Tokyo Panda’s Possible Pregnancy Delivers Stocks Bump
Female giant panda Shin Shin (R), seen here in Ueno Zoo in December 2017, may be pregnant
A possible panda pregnancy at a Tokyo zoo caused stocks of a nearby restaurant chain to briefly soar 30 percent on Friday as the chance of a pandemic conception bred excitement among investors.
Ueno Zoo, which reopened on Friday after five months of coronavirus closure, said female panda Shin Shin was showing possible signs of pregnancy after mating with male Ri Ri in early March.
Tokyo Governor Yuriko Koike delivered the news to media in a mid-morning announcement, which gave a welcome bump to shares in eateries near the zoo anticipating a visitor boom if a baby panda arrives.
Shares of Chinese restaurant chain Totenko spiked nearly 30 percent before settling to around 1,109 yen, up 10 percent from Thursday.
And French restaurant chain Seiyoken, also a celebrated establishment in Ueno, was trading up 7.8 percent in the afternoon.
The announcement comes as a rare spot of bright news for the Japanese capital, which is preparing to host the postponed Olympics this summer despite deep public opposition and coronavirus concerns.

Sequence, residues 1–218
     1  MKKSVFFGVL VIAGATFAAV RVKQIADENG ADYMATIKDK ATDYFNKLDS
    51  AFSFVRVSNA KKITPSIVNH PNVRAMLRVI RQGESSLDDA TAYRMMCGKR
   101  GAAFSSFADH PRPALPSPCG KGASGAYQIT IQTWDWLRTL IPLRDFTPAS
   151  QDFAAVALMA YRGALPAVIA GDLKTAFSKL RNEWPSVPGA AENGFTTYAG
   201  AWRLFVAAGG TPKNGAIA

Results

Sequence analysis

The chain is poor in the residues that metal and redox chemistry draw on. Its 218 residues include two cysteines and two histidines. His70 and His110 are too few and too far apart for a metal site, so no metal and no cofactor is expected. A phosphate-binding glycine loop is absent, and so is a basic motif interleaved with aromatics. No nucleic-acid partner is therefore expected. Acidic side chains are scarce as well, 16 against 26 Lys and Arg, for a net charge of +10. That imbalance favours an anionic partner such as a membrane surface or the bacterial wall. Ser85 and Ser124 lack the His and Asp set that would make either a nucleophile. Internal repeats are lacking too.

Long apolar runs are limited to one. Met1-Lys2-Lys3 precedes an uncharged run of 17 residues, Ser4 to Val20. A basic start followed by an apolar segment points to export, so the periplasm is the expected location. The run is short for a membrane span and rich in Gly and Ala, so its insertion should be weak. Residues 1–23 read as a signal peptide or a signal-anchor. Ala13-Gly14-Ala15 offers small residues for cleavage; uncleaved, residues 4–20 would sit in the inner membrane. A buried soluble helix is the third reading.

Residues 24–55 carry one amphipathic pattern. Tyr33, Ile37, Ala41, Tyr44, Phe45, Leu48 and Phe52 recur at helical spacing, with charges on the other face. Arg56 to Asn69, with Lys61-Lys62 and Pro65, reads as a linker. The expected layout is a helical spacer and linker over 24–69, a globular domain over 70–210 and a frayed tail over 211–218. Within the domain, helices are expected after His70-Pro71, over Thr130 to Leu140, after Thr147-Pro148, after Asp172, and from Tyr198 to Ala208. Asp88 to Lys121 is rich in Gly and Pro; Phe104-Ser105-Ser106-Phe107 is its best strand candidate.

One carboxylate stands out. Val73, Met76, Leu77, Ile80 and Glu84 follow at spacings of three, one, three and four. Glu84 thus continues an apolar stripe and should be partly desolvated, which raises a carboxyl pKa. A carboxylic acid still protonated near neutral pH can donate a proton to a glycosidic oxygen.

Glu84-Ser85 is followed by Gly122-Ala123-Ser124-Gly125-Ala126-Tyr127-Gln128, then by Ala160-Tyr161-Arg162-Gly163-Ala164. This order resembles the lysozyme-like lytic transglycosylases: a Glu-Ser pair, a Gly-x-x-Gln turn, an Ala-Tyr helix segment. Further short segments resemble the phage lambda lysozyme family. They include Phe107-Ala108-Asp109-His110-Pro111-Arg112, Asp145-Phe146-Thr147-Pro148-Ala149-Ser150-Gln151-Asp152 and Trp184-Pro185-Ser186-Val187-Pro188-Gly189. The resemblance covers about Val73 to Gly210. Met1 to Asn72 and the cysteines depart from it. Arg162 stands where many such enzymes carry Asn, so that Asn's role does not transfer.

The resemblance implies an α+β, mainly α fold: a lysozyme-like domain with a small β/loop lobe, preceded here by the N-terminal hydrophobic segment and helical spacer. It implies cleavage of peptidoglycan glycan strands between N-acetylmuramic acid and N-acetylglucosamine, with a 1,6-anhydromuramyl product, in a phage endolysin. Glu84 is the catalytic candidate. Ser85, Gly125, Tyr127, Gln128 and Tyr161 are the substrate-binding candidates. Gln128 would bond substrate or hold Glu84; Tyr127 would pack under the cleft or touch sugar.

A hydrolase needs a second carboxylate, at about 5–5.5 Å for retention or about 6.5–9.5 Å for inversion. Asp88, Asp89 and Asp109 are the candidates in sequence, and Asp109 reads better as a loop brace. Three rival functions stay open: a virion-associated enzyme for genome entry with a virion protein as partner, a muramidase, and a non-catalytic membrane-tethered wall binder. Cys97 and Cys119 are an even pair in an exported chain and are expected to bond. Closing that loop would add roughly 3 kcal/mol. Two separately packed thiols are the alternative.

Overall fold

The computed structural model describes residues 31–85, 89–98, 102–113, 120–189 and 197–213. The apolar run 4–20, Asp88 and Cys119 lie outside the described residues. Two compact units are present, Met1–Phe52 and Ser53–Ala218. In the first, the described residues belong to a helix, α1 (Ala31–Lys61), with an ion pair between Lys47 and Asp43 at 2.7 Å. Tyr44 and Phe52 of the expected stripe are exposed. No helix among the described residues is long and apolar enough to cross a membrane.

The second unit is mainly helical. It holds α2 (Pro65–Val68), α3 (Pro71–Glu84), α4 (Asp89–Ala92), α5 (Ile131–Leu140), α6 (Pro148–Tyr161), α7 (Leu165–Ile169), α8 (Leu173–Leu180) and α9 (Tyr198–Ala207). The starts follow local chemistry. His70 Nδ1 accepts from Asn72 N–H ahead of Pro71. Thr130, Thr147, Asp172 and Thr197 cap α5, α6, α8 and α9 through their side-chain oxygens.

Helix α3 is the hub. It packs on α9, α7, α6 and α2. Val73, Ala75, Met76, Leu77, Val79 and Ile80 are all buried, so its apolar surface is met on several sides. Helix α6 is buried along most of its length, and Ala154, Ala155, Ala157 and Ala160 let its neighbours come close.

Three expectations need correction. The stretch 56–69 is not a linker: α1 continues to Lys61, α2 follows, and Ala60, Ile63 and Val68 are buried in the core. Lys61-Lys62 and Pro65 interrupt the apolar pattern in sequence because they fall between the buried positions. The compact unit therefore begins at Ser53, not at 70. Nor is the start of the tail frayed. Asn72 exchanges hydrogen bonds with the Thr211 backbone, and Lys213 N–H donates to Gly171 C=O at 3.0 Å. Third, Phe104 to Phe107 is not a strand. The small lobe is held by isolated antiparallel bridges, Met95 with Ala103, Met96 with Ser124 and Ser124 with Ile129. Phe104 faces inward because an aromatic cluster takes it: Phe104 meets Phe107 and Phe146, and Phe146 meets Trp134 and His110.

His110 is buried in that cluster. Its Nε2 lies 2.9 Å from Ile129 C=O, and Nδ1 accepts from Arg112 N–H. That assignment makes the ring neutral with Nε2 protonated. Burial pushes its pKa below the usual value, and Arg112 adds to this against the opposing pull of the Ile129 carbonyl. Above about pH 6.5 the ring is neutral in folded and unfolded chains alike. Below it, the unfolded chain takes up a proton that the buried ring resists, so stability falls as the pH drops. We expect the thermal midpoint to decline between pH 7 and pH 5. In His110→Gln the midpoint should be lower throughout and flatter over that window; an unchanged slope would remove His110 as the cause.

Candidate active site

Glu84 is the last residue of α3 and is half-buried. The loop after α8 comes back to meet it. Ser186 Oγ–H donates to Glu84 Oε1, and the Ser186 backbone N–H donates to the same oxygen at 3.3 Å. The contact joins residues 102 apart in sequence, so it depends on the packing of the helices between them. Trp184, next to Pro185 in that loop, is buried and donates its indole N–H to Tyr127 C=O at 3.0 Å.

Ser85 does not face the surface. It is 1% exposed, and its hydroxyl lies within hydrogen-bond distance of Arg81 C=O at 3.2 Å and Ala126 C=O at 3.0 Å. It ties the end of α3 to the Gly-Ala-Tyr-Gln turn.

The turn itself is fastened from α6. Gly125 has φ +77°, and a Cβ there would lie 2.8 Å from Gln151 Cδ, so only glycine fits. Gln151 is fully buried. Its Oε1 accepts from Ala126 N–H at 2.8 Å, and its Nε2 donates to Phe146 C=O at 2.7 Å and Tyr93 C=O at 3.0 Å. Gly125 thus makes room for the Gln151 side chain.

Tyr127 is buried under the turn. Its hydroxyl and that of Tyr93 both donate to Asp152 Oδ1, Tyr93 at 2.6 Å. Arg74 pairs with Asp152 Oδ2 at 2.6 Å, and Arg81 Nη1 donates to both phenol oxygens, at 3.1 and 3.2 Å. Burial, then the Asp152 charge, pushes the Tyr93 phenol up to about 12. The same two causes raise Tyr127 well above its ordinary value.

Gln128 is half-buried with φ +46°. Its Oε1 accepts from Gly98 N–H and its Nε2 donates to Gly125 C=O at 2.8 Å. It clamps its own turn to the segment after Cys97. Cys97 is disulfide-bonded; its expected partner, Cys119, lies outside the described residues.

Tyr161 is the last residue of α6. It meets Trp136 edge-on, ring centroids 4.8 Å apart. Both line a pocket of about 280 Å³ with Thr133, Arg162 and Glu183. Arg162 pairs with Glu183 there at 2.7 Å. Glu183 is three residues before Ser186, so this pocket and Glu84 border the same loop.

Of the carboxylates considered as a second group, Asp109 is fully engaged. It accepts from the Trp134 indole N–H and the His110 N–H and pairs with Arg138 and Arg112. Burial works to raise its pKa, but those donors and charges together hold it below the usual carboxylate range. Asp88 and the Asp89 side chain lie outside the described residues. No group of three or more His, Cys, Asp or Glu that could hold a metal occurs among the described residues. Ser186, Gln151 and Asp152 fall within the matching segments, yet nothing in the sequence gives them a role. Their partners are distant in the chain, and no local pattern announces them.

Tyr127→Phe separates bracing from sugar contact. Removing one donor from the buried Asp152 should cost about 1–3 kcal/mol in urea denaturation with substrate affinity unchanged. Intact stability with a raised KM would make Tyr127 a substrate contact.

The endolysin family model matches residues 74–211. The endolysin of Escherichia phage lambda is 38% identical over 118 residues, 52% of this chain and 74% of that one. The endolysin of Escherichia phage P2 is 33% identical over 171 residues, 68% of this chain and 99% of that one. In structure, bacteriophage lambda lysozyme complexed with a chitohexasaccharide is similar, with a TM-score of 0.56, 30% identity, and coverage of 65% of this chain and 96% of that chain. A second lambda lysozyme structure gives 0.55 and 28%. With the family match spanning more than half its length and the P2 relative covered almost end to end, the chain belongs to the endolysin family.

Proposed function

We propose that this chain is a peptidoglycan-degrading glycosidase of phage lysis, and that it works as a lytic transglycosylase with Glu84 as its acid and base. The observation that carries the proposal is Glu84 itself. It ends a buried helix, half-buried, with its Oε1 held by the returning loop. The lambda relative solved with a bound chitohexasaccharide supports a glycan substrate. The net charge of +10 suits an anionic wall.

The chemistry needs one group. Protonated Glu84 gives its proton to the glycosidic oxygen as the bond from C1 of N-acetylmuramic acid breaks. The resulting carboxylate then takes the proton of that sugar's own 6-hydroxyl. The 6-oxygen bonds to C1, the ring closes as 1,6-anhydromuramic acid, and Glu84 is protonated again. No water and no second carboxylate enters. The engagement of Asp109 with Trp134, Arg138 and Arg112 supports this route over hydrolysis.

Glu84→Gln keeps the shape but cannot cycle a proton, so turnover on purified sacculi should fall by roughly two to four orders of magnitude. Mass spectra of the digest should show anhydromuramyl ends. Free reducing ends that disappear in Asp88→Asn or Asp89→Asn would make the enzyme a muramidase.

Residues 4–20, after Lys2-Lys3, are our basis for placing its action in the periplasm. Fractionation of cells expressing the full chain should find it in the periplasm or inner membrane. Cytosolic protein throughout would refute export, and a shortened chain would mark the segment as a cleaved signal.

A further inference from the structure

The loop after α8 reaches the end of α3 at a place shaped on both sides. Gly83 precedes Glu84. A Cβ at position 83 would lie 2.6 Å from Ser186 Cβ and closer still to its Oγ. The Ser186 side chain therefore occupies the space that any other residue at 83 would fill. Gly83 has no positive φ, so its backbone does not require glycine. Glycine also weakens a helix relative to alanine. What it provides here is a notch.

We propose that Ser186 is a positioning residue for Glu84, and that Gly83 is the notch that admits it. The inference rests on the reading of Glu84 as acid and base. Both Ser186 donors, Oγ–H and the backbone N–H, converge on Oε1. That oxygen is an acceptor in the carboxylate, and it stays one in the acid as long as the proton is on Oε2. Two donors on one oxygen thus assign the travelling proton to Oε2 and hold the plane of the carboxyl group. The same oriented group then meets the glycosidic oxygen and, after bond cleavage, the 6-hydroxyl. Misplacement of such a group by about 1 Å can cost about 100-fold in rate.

Koike warned that giant panda pregnancies are sometimes a false alarm, but voiced hope for a bundle of joy.
“Signs usually seen during a pregnancy are being seen now,” Koike said.
“It is still difficult to say clearly whether in fact a baby will be born… I am truly looking forward to being able to deliver good news to all of you,” she said.
Japanese media offers regular updates on the pandas at Ueno, which in non-pandemic times draw huge crowds of domestic and foreign tourists.
Xiang Xiang, a female born in June 2017 to Shin Shin and Ri Ri, was originally scheduled to be repatriated to China two years after its birth.
But Japanese officials have negotiated to keep the popular panda until the end of this year.